Besides that, think about anything that could cause your bird anxiety or loneliness because these two are the main reasons for grey to pluck their feathers. Any changes in the environment, losing cage mates, toys, or even changing the cage to a new one can cause plucking.

So, if your grey is still living in his favorite place and environment, then the feather loss is probably because of molting.

Molting Vs Plucking African Grey

How To Care For A Molting African Grey?

Dealing with molting African greys can be very tricky, and sometimes owners can cause complications, especially when they don’t know about the temperamental changes that happen along with molting.

So, if your African grey is molting, you may notice that the bird is having a rough temperament, which is normal considering that these birds go through stressful times when they molt. However, you can as an owner provide nutritional supplements like vitamins and minerals for your bird to help him go through this as easily as possible.

If you are feeding your grey only seeds and nuts, then nutritional supplements are recommended. Adding new types of veggies and fruits can also suffice. Apart from that, owners preferably must go to minimum contact with their molting grey because any unwanted approach or touches can drive the bird to attack. However, every grey is a different case, and some grey will demand more interaction while others will prefer staying alone for longer times than they are used. All owners should know their greys’ personalities and decide what will suit their molting greys.

Besides that, putting your African grey cage in a sunny place will the help the bird go through the process faster. You don’t need 12 hours of sunlight, but a place that gets 3-4 hours of sunlight a day will be enough.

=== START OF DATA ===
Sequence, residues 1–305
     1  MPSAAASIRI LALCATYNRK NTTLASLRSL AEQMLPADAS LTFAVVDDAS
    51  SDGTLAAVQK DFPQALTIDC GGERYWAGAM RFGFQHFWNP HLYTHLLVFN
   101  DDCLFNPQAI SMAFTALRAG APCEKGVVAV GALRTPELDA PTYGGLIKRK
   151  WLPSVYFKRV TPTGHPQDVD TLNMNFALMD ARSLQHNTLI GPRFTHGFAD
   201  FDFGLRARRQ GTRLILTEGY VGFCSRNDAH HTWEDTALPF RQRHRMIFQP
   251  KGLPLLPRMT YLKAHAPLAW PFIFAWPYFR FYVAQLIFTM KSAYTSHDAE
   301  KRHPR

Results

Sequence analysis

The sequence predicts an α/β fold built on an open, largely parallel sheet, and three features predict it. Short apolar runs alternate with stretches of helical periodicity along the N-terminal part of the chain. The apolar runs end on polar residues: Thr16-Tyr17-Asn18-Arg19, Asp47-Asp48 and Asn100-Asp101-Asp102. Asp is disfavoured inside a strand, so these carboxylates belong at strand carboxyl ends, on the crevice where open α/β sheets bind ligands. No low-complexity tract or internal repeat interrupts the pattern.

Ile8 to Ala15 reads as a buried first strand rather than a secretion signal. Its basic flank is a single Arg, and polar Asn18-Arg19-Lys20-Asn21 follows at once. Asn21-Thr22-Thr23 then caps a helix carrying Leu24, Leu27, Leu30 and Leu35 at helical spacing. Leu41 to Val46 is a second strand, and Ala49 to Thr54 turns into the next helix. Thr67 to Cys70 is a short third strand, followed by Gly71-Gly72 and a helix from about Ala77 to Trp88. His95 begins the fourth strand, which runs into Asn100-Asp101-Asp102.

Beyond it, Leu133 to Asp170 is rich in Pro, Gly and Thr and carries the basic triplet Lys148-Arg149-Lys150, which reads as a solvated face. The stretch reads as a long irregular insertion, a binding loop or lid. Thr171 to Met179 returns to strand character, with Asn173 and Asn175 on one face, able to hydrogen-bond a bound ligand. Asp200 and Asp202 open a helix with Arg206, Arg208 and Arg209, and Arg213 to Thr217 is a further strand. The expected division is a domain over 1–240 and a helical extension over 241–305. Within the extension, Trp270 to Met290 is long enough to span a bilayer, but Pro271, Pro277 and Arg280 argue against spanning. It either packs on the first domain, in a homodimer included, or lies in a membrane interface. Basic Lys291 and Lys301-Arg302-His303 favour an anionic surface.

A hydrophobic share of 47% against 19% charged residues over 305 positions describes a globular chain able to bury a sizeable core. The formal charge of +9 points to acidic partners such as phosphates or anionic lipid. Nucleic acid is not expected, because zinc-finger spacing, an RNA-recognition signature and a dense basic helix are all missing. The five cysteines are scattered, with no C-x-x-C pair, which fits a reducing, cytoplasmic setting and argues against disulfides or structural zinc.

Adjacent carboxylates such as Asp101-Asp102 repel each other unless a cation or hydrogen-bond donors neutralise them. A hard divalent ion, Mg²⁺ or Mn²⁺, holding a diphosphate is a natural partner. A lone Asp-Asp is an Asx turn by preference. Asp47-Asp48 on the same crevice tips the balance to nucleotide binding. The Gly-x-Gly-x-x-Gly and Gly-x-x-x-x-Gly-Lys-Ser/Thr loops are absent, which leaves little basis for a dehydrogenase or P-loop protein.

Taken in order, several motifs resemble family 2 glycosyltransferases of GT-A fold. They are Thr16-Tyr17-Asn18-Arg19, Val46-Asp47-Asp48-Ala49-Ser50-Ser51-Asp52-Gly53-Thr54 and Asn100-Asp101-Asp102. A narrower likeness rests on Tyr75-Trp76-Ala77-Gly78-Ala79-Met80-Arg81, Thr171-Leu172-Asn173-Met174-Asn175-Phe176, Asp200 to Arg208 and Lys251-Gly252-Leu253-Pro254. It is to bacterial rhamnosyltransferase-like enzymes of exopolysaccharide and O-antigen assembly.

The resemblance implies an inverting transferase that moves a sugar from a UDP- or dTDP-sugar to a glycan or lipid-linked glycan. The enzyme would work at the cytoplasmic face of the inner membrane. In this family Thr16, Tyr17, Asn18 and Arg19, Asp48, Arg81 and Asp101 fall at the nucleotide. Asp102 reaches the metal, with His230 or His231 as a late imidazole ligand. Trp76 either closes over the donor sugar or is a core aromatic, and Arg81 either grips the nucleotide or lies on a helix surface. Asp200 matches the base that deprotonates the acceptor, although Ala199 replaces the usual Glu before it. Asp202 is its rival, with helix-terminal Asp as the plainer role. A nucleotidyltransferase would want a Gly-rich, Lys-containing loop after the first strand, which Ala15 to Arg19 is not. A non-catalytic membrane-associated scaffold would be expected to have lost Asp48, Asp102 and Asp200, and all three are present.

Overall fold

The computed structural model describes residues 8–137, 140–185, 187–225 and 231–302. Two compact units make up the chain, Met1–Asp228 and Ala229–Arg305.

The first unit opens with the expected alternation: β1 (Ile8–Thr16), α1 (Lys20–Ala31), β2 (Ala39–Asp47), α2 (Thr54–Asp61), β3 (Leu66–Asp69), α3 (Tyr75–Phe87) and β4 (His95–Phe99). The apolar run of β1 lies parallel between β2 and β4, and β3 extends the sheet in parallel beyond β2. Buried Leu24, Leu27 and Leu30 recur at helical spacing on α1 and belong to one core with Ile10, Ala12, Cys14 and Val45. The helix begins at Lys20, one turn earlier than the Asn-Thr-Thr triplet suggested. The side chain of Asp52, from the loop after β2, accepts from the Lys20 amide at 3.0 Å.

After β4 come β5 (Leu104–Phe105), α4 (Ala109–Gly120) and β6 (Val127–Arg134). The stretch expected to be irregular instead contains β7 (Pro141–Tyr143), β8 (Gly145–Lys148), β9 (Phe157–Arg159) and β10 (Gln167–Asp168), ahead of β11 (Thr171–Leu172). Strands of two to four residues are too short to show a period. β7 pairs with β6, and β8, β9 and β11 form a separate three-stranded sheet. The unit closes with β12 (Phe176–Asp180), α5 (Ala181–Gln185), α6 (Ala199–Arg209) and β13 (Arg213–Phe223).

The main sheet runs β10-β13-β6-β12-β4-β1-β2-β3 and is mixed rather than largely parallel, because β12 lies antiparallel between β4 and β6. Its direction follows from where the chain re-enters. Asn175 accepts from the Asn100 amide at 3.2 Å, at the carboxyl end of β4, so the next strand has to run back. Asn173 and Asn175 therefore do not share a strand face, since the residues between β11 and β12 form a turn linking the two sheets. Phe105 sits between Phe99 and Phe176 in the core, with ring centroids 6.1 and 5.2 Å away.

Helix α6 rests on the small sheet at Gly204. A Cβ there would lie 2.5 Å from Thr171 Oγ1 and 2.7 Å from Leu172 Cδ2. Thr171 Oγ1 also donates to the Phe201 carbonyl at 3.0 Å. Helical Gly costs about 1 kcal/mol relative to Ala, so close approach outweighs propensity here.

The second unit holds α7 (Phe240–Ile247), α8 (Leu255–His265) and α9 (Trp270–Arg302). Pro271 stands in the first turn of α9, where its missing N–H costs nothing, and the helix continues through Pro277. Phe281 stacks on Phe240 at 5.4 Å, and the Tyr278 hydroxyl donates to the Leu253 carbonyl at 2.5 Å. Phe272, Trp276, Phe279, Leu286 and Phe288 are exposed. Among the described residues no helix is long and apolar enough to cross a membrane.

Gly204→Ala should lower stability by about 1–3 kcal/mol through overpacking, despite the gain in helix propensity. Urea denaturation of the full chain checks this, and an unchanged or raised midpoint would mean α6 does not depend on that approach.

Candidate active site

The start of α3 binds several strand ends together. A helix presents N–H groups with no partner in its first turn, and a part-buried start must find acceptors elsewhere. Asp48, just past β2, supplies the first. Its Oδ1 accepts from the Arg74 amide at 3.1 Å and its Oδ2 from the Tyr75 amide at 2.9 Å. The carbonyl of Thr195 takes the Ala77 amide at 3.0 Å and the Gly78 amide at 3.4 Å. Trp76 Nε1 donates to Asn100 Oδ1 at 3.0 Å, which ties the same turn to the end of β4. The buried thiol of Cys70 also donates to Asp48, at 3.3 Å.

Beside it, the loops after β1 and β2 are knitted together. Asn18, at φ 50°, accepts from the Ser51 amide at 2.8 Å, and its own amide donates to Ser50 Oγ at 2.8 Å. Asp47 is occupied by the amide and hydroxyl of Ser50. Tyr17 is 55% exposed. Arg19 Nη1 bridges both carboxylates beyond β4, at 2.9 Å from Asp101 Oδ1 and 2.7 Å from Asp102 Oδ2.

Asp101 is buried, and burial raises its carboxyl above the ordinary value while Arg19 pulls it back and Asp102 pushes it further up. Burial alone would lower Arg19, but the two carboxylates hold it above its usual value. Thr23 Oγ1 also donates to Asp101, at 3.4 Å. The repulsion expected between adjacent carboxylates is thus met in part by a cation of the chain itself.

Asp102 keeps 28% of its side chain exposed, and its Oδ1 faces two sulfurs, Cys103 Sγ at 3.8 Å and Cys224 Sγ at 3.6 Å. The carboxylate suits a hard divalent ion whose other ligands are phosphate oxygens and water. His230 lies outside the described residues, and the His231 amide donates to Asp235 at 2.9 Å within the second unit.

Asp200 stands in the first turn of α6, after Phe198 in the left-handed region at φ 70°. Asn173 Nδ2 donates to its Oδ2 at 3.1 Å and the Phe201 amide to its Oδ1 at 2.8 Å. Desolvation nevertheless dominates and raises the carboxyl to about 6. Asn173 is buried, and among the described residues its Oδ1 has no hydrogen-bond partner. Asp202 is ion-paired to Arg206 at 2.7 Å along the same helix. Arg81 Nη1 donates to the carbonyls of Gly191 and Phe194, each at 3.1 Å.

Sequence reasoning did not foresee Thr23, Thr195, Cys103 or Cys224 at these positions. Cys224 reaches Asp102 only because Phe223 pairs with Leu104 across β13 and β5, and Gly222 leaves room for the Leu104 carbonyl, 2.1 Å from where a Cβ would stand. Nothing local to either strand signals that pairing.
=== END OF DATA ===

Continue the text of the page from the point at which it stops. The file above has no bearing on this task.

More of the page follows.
How Many Times Do African Greys Molt Every Year?

African greys normally molt once, and on rare occasions twice a year, and if you see your grey molting more than that, then there is something worth investigating to eliminate any risks like plucking or anything else.

How Long Is Molting For African Greys?

If the bird is young and molting for the first time, then the African grey can take a longer time, up to 24 months, and for older African greys, the process can take up to 2 months.

Will My African Greys Feathers Grow back?

In most cases, yes, African greys feathers will grow back and it’s normal for them to shed their old feathers to replace them with a new set. Plucking, on the other hand, can keep preventing new feathers from growing back until the bird stops the bad behavior.


In conclusion, African greys molt once or twice a year and this process can put them under huge stress that can make them aggressive even towards their owners, so the owners should take this into consideration to avoid any complications. Providing a nutritious diet can help the bird go through molting faster and with ease, and sometimes with no temperamental changes.

And yes, that’s about it, I hope you found this article informative and easy to digest. Thank you for reading…